The capos raced around, organizing the work details for the day. Isaac was chosen for the logging detail. He smiled mirthlessly at his assignment. Thirty men wearing tattered, striped pajamas left the boundaries of the camp under the watchful eyes of a dozen capos and SS camp guards. A few of the men beginning to resemble skeletons. This is a fragment: consider changing "beginning" to "were beginning."The prisoners trudged along a trail they knew all too well, for many had spent months and months wielding axes and cutting down trees. Seems like it's missing a word: "many had spent months and months there, wielding..." Weary and broken bodies a testament to that fact.Another fragment. Change to: "Their weary and broken bodies were a testament to that fact."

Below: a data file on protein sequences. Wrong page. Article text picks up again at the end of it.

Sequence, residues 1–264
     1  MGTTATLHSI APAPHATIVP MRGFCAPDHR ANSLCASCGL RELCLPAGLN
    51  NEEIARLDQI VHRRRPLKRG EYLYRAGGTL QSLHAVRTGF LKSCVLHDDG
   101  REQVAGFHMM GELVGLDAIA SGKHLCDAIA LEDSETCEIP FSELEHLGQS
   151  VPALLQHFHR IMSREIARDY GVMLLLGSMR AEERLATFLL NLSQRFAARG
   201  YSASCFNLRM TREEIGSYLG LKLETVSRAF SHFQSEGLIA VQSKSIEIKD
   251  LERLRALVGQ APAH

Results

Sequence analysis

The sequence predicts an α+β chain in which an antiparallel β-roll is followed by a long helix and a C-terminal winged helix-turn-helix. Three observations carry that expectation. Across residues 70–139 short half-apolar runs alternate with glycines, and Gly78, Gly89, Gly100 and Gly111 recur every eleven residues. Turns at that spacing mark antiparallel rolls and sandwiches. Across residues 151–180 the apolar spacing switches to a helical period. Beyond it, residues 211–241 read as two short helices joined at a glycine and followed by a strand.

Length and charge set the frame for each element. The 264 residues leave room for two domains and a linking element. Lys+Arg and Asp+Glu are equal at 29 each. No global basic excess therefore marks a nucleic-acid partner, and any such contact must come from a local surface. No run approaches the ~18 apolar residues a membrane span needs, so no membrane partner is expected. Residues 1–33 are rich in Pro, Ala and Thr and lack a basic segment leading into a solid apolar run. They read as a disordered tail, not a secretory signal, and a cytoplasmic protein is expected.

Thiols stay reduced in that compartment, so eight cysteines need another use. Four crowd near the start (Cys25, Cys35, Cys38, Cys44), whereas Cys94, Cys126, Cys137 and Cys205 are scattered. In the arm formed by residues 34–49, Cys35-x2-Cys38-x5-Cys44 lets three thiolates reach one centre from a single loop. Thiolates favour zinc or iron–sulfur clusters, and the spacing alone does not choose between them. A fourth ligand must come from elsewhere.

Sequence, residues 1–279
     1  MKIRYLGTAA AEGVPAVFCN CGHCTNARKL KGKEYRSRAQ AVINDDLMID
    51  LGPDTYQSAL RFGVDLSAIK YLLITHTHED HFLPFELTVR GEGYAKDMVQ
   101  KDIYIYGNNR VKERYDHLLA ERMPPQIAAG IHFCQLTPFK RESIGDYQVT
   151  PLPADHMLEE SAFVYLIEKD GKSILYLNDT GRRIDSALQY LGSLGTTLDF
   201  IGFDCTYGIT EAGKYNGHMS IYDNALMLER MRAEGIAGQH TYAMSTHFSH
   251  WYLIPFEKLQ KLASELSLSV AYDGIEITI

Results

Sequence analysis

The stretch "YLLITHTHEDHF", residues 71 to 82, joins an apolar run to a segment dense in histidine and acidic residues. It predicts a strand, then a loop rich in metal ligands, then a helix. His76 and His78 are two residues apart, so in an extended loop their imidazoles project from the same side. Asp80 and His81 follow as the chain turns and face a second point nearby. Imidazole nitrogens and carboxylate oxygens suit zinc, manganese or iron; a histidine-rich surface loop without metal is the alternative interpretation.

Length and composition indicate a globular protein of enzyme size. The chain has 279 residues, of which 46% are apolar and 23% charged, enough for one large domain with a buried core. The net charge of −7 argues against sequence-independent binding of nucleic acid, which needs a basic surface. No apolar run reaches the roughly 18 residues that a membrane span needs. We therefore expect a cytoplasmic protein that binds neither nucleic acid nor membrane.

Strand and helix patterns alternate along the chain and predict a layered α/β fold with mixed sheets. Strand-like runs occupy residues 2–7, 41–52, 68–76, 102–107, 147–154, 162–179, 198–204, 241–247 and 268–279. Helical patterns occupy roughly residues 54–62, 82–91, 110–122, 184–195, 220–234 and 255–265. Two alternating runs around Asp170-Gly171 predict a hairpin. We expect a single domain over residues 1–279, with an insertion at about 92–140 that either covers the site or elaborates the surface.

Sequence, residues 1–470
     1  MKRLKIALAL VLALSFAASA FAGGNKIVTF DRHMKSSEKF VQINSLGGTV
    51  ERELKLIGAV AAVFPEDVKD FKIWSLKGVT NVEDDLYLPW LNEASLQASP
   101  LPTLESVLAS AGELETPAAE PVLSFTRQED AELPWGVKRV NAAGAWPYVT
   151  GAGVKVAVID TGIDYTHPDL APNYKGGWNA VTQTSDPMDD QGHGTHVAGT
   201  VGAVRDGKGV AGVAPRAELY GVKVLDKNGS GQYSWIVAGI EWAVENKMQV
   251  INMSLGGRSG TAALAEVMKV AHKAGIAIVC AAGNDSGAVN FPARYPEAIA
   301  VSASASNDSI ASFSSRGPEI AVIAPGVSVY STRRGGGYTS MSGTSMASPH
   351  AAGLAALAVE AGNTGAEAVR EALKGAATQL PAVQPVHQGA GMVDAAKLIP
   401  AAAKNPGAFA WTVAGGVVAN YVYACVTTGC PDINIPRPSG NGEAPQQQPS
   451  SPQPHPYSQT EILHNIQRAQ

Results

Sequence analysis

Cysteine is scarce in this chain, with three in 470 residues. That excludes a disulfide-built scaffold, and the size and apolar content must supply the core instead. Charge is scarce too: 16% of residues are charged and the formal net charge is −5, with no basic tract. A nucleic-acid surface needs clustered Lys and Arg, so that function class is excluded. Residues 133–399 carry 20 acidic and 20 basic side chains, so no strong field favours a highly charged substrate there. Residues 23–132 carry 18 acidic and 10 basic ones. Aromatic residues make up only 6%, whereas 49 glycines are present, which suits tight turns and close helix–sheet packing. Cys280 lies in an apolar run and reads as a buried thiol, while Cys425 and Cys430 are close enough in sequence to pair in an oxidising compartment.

Soon the men arrived at a clearing and reluctantly set to work, ever watchful for a chance to escape or a chance to avoid the whip. Isaac worked tirelessly despite his age and lack of proper food. He raised the axe and brought it down at an angle, cutting into the young tree. After several blows with the axeneeds a comma after ax the tree fell to the earth. Isaac bent down, his back aching, and began to cut off the branches with a knife. Every couple of minutes a sharp pain made itself known consider a stronger phrase than "made itself known" ie: "a sharp pain pierced the small of his back" or "a stab of pain pulsed in the small of his back" in the small of his back.